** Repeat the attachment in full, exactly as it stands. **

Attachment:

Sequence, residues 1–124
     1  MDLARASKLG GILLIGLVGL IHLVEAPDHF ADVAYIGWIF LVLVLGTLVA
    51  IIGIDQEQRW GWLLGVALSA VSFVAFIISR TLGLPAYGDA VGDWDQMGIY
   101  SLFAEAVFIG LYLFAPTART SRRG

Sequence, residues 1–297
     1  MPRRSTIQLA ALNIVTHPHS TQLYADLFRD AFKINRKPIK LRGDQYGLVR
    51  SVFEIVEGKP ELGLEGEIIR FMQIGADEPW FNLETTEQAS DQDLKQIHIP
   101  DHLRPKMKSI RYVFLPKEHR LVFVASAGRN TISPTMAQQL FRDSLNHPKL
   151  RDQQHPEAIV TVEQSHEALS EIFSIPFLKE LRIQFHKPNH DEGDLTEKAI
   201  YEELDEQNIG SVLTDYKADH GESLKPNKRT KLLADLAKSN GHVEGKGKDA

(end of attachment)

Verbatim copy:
Sequence, residues 1–124
     1  MDLARASKLG GILLIGLVGL IHLVEAPDHF ADVAYIGWIF LVLVLGTLVA
    51  IIGIDQEQRW GWLLGVALSA VSFVAFIISR TLGLPAYGDA VGDWDQMGIY
   101  SLFAEAVFIG LYLFAPTART SRRG

Sequence, residues 1–297
     1  MPRRSTIQLA ALNIVTHPHS TQLYADLFRD AFKINRKPIK LRGDQYGLVR
    51  SVFEIVEGKP ELGLEGEIIR FMQIGADEPW FNLETTEQAS DQDLKQIHIP
   101  DHLRPKMKSI RYVFLPKEHR LVFVASAGRN TISPTMAQQL FRDSLNHPKL
   151  RDQQHPEAIV TVEQSHEALS EIFSIPFLKE LRIQFHKPNH DEGDLTEKAI
   201  YEELDEQNIG SVLTDYKADH GESLKPNKRT KLLADLAKSN GHVEGKGKDA